Biblical Inspiration


Q:  Because of the human condition, hasn’t every Bible prophet misunderstood God’s messages on some level?  Didn’t Paul say, "Presently, we see through a glass darkly....”?

A:  No, we do not believe that any Bible prophet ever distorted a message from God without being corrected or punished by God. The young prophet who disobeyed God and ate with the older prophet on the way home from Bethel is a perfect example of God protecting the integrity of His message (see I Kings 13). God prohibited the prophet from eating with the Israelites who had set up an altar at Bethel because eating with someone was an expression of acceptance and approval in the Israelite culture, and God wanted to show disapproval. Therefore, the prophet was publicly and miraculously punished so everyone could see that God had not approved of the prophet's garbling of the message.

Can you think of any prophet who misunderstood a message and twisted it as a result? Even little Samuel got his first message right even though he didn’t understand the meaning.

We are not asserting that any prophet has ever understood God perfectly, because no created being has ever understood God perfectly, but we do hold that no true prophet has ever garbled a message from God based on a misunderstanding of the message.  True prophets deliver accurate messages from God, and in the rare instances when true prophets misrepresent God in some manner, they are publicly corrected to protect the integrity of God’s communication.  For example, Abraham was corrected for his lies about Sarah being his wife, Moses was corrected for not circumcising his son, and Nathan was corrected for prematurely endorsing David’s plan to build the temple.

All true prophets have represented their messages exactly as God intended--yes, in imperfect human speech--but as God intended, nonetheless. For example, Daniel didn't understand the vision of Daniel 8 even after the angel explained it. So Daniel described the vision and recorded the angel's explanation. He didn't add his own interpretation--he simply gave the message accurately as God intended.

Paul's comment about seeing through a glass darkly isn't intended to diminish the accuracy of his revelations. He gave his message exactly as God intended. In fact, he was so sure of the gospel he had preached that he said, "But though we, or an angel from heaven, preach any other gospel unto you than that which we have preached unto you, let him be accursed" (Gal. 1:8). Paul certainly didn't believe he had ever misrepresented his message.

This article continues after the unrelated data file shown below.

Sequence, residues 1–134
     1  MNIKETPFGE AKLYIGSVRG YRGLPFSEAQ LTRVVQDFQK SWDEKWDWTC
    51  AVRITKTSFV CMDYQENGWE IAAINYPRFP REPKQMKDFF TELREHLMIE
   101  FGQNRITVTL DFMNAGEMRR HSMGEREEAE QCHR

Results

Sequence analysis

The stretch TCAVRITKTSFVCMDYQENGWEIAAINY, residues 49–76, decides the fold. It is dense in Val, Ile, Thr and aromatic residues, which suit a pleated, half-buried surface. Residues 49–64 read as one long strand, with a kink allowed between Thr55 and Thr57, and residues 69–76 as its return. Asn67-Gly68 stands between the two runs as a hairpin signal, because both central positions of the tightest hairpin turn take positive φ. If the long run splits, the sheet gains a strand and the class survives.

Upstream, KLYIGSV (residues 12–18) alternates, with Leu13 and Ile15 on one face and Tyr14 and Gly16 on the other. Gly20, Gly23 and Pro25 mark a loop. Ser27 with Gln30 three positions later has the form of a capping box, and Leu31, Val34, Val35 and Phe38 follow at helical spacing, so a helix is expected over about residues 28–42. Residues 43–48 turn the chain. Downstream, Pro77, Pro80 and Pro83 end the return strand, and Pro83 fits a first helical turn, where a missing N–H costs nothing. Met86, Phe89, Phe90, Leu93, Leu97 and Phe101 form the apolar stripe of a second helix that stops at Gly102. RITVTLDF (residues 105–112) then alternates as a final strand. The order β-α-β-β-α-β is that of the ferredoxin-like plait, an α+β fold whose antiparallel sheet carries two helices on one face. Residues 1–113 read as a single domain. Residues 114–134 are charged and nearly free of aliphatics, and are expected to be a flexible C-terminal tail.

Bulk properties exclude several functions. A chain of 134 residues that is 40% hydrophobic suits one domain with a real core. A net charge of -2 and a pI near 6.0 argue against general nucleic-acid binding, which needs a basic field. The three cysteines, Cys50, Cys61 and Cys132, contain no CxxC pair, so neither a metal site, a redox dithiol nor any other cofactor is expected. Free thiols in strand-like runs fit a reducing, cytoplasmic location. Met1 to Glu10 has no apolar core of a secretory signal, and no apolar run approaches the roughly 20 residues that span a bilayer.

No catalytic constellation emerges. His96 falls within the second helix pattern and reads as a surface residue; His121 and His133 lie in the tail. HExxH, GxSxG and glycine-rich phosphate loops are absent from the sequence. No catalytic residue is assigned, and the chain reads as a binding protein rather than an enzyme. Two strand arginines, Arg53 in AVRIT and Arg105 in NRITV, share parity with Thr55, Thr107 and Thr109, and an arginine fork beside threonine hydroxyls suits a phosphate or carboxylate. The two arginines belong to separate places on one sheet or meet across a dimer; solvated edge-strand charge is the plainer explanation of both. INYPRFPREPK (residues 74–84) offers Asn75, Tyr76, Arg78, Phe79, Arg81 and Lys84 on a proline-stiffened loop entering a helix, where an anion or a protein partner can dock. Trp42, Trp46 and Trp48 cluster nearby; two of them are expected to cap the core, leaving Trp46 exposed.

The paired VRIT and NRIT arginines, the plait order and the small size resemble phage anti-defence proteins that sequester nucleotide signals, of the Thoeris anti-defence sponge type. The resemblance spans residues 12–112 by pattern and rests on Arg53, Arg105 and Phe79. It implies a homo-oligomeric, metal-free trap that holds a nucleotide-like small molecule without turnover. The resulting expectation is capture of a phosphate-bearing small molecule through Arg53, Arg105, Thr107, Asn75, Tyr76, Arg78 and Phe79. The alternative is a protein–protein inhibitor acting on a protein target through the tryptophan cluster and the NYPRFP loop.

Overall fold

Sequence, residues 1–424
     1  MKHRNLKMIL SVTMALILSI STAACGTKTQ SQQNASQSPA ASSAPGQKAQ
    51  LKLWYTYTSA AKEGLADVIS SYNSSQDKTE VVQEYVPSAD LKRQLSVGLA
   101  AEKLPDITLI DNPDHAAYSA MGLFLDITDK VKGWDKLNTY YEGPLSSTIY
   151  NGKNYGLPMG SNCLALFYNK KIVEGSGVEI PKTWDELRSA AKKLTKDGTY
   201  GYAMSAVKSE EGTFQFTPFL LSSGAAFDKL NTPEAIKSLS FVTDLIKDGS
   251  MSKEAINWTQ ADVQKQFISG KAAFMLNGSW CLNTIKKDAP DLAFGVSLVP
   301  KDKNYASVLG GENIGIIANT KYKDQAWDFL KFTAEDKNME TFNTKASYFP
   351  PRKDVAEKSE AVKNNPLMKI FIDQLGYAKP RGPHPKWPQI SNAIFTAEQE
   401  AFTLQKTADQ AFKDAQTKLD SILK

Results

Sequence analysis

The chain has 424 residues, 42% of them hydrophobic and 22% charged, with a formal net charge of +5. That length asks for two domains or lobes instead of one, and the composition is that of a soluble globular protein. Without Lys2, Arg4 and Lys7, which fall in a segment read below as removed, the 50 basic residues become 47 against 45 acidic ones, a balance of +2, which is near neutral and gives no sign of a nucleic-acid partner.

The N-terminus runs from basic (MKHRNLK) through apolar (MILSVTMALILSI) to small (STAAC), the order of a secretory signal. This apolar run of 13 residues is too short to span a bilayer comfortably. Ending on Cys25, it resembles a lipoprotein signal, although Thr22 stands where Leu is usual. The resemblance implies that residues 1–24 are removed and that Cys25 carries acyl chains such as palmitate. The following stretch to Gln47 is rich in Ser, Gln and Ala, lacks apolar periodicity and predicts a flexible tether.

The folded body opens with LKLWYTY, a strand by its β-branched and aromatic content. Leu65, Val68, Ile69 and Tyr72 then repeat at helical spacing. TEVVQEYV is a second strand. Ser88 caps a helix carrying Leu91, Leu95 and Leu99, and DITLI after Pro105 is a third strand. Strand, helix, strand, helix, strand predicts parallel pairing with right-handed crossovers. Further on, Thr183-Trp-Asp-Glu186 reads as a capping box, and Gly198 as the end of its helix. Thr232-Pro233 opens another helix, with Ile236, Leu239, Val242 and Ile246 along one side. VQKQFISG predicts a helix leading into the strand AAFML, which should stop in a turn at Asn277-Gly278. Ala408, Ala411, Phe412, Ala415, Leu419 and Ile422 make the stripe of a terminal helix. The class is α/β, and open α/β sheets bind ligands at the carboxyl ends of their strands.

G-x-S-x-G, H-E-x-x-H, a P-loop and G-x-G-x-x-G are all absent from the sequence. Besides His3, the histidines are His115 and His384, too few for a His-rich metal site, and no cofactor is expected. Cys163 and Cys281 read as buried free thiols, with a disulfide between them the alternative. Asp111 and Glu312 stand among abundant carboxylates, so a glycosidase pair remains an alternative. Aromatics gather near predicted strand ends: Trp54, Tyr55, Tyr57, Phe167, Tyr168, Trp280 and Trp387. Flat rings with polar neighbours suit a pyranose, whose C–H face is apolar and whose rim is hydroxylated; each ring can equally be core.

Inspiration is a special process. It isn't just run-of-the-mill communication. When a prophet communicates under inspiration, God safeguards the message. Notice in Gal. 1 how Paul even says the Galatians are to reject a contradictory gospel even if it comes from his own mouth. He is asserting that his original message was inspired and correct—that there was no misunderstanding.

Another indication of the divine interaction with true inspiration is the story of Balaam, who desperately wanted to give a false prophecy so he could claim the reward. But God, for the honor of His name, caused Balaam to speak inspired and correct words.  Balaam actually gives a prophecy of the Messiah. What I'm saying is that genuine inspiration is the highest level of communication known on earth. Inspiration doesn't answer all questions--scientific, historical, etc.--but the message comes out exactly as God intended. The misunderstandings of true prophets have no bearing on the message because God protects the integrity of the message.

Minimizing the authority of scripture is one of the most troubling problems with the modern SDA Church.  SDAs have had to de-emphasize the accuracy of all prophetic utterances to compensate for the errors of Ellen White. In fact, some liberal Adventists believe that Moses misunderstood God's instruction to wipe out the Canaanites. If Moses could misunderstand something that plain, then anything in scripture can simply be thrown out--including the sayings of Jesus, because they were written down by people who might have misunderstood....

Once one arrives at that type of theology, one can literally disregard any biblical passage with which one doesn't agree, saying, "Well, the Bible writer simply misunderstood the message." In essence, a person can become a "god" over the Bible, meaning that the human mind reigns sovereign over what to believe and what not to believe in the Bible. In my opinion, that's where Adventism is heading. The entire Bible is inspired, authoritative, and correct. It is "God-breathed" (2 Tim. 3:16, NIV).

Q:  Isn’t all scripture subject to our interpretation, as we have no way to understand it except through our minds?

A:  Please consider II Peter 1:20-21 (NRSV): "First of all you must understand this, that no prophecy of scripture is a matter of one's own interpretation, because no prophecy never came by human will, but men and women moved by the Holy Spirit spoke from God."

Scripture is not subject to our interpretation and our desires. I'm not suggesting that we suspend the action of our intellect as we seek to understand the Word, but I am saying that our intellect must be in subjection to the Holy Spirit. We must submit to God's foolish wisdom (1 Cor. 1) when our ideas conflict with the results of clear exegesis and the promptings of God's Spirit (I Cor. 2:14).